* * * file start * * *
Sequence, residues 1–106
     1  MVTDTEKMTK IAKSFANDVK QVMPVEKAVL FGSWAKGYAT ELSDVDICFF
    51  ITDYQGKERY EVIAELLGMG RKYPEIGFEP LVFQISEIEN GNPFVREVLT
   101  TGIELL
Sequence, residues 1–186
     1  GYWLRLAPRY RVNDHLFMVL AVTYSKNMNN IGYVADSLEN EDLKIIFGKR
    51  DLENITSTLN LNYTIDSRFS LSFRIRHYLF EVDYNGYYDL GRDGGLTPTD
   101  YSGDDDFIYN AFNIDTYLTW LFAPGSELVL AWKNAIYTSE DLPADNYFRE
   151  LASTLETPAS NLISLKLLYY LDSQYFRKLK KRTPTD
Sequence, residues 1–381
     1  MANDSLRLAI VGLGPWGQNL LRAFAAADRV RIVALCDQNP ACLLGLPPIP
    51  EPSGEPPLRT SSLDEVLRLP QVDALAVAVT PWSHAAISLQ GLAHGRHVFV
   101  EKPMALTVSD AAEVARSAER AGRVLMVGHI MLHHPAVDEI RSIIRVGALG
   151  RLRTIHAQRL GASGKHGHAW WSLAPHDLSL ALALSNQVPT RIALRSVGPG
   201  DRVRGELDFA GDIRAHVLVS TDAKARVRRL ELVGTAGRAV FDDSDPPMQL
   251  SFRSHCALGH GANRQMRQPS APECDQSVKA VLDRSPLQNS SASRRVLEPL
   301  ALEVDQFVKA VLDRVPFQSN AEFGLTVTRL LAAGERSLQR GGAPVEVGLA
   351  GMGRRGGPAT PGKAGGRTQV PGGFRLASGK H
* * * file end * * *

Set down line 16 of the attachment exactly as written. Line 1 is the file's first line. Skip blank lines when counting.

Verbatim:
   251  SFRSHCALGH GANRQMRQPS APECDQSVKA VLDRSPLQNS SASRRVLEPL